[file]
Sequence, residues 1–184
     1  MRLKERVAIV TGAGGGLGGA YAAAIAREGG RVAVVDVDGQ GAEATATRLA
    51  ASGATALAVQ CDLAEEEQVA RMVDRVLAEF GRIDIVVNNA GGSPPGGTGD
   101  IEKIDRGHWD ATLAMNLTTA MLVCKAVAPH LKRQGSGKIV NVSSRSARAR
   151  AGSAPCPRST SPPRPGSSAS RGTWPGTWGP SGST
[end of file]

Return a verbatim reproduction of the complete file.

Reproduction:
Sequence, residues 1–184
     1  MRLKERVAIV TGAGGGLGGA YAAAIAREGG RVAVVDVDGQ GAEATATRLA
    51  ASGATALAVQ CDLAEEEQVA RMVDRVLAEF GRIDIVVNNA GGSPPGGTGD
   101  IEKIDRGHWD ATLAMNLTTA MLVCKAVAPH LKRQGSGKIV NVSSRSARAR
   151  AGSAPCPRST SPPRPGSSAS RGTWPGTWGP SGST